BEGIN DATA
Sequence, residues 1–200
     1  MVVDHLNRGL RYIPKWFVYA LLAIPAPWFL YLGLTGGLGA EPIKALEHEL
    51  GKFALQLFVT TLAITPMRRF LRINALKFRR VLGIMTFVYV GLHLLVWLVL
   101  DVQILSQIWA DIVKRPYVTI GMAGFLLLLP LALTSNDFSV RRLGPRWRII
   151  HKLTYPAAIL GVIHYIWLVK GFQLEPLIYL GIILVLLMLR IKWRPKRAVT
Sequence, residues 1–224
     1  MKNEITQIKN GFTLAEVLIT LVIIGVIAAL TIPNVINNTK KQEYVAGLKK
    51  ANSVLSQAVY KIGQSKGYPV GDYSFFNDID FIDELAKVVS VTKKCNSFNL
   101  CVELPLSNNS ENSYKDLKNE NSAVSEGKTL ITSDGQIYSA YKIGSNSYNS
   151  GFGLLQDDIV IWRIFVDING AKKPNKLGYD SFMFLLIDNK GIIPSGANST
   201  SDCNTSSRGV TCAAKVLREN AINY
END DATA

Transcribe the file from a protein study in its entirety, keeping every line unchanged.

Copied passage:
Sequence, residues 1–200
     1  MVVDHLNRGL RYIPKWFVYA LLAIPAPWFL YLGLTGGLGA EPIKALEHEL
    51  GKFALQLFVT TLAITPMRRF LRINALKFRR VLGIMTFVYV GLHLLVWLVL
   101  DVQILSQIWA DIVKRPYVTI GMAGFLLLLP LALTSNDFSV RRLGPRWRII
   151  HKLTYPAAIL GVIHYIWLVK GFQLEPLIYL GIILVLLMLR IKWRPKRAVT
Sequence, residues 1–224
     1  MKNEITQIKN GFTLAEVLIT LVIIGVIAAL TIPNVINNTK KQEYVAGLKK
    51  ANSVLSQAVY KIGQSKGYPV GDYSFFNDID FIDELAKVVS VTKKCNSFNL
   101  CVELPLSNNS ENSYKDLKNE NSAVSEGKTL ITSDGQIYSA YKIGSNSYNS
   151  GFGLLQDDIV IWRIFVDING AKKPNKLGYD SFMFLLIDNK GIIPSGANST
   201  SDCNTSSRGV TCAAKVLREN AINY